In January, this author lauded a West Virginia federal court's recognition of the learned intermediary doctrine in Tyree v. Boston Scientific Corp., 56 F. Supp. 3d 826 (S.D. W. Va. 2014) (Goodwin, J.). See Jennifer A. Foster, "A Surprising Win for the Learned Intermediary Doctrine in West Virginia," Products Liability Litig. (ABA Section of Litig.), Jan. 6, 2015. Just five short months after the Tyree ruling, another West Virginia federal judge rallied additional support for the learned intermediary doctrine in the state in O'Bryan v. Synthes, Inc., No. 5:13-cv-25981, 2015 U.S. Dist. LEXIS 32361 (S.D. W. Va. Mar. 17, 2015) (Berger, J.). This trend creates a welcome boon for medical device manufacturers facing products liability litigation in the courts of West Virginia.
As in Tyree, O'Bryan involved product defect claims against the manufacturer of an FDA-approved medical device, including a warnings defect claim. The particular medical device at issue was a Synthes plate—a metallic internal fixation device—that had been surgically implanted in the plaintiff's fibula, which she had fractured approximately six months before the plate was implanted. At the time of the surgery, the package insert for the metal plate warned that "these devices are not designed to withstand the unsupported stress of full weight-bearing" and that they might "break when subjected to the increased loading associated with delay" in the healing and union of the bone fragments they are designed to join. In addition, the "precautions" section of the package insert informed physicians that they should instruct patients about "the limitations of the implant and that physical activity and full weight bearing or load bearing have been implicated in premature loosening, bending or fracture of internal fixation devices." Physicians were also instructed to inform patients that the "metallic implant is not as strong as a normal, healthy bone and will fracture under normal weight bearing or load-bearing in the absence of complete bone healing."
Despite these instructions, the plaintiff in O'Bryan claimed that her surgeon told her she could bear weight on her fractured leg following surgery, but that she should wear a boot brace during the day. The plaintiff claimed that she followed these instructions, but approximately three or four days after the surgery, felt a "pop" and experienced severe pain while trying to lift her leg out of bed. When the plaintiff went back to her surgeon for a follow-up appointment a couple of weeks later, he took an x-ray of her leg, which revealed that the plate had fractured. This necessitated a second surgery to remove the first Synthes plate and implant another, thicker plate.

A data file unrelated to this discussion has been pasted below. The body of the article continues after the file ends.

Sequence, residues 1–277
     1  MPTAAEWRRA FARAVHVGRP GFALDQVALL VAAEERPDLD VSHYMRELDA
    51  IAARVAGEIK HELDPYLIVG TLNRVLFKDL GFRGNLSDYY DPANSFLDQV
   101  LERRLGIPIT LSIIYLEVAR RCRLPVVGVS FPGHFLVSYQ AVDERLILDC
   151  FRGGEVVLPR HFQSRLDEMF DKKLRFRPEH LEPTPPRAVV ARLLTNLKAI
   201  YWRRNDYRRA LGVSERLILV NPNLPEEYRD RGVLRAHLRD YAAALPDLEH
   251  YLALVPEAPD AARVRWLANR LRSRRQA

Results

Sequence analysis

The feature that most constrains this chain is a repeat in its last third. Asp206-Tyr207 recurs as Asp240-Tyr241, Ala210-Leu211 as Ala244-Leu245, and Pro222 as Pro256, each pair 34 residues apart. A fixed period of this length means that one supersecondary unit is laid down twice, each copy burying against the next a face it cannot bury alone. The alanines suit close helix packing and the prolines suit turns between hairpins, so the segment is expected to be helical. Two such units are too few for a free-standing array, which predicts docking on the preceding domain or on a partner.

Following the plaintiff's second fibula surgery—which was successful—she sued the manufacturer of the metal plate, asserting various product defect and warranty claims, in West Virginia federal court. The device manufacturer, Synthes Inc., moved for summary judgment on all claims. With respect to the failure-to-warn claim, Synthes argued that it fulfilled any duty to warn by including specific provisions in the package insert that internal fixation devices are susceptible to breaking, especially with weight bearing, and that patients should be advised that physical activity and full weight bearing may result in loosening, bending, or fracture. Judge Irene Berger agreed, finding that "[b]ecause Defendant Synthes is a 'manufacturer of medical devices,' the learned intermediary doctrine applies to the Plaintiff's failure to warn claims." O'Bryan, 2015 U.S. Dist. LEXIS 32361, at *17 (citing Tyree, 56 F. Supp. 3d at 828). As in Tyree, the judge was persuaded that the learned intermediary doctrine was applicable because (1) the case involved a medical device, rather than a prescription medication; and (2) there was no evidence that the defendant had engaged in direct-to-consumer advertising. O'Bryan, 2015 U.S. Dist. LEXIS 32361, at *18. Continuing the trend started with Tyree, Judge Berger determined that, absent proof of direct-to-consumer advertising, Synthes had no duty to warn patients directly about the risks of its metal fixation plates and that Synthes's warnings and precautions in the package insert were sufficient to defeat the plaintiff's negligence and strict liability warnings claims as a matter of law.